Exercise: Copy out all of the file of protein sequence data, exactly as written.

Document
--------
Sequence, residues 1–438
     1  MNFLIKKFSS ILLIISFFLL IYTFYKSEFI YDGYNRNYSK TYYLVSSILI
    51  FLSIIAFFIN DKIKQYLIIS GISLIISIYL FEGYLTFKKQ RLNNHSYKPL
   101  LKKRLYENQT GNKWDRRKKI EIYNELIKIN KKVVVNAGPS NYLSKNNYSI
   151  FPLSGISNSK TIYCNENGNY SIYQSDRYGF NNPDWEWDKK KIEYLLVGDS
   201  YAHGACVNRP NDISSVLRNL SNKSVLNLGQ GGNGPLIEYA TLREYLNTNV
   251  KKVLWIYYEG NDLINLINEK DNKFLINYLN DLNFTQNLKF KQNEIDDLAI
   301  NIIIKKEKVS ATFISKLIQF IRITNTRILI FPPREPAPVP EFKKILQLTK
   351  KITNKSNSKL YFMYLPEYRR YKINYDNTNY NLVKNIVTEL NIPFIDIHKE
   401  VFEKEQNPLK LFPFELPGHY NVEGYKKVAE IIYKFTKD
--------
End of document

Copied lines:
Sequence, residues 1–438
     1  MNFLIKKFSS ILLIISFFLL IYTFYKSEFI YDGYNRNYSK TYYLVSSILI
    51  FLSIIAFFIN DKIKQYLIIS GISLIISIYL FEGYLTFKKQ RLNNHSYKPL
   101  LKKRLYENQT GNKWDRRKKI EIYNELIKIN KKVVVNAGPS NYLSKNNYSI
   151  FPLSGISNSK TIYCNENGNY SIYQSDRYGF NNPDWEWDKK KIEYLLVGDS
   201  YAHGACVNRP NDISSVLRNL SNKSVLNLGQ GGNGPLIEYA TLREYLNTNV
   251  KKVLWIYYEG NDLINLINEK DNKFLINYLN DLNFTQNLKF KQNEIDDLAI
   301  NIIIKKEKVS ATFISKLIQF IRITNTRILI FPPREPAPVP EFKKILQLTK
   351  KITNKSNSKL YFMYLPEYRR YKINYDNTNY NLVKNIVTEL NIPFIDIHKE
   401  VFEKEQNPLK LFPFELPGHY NVEGYKKVAE IIYKFTKD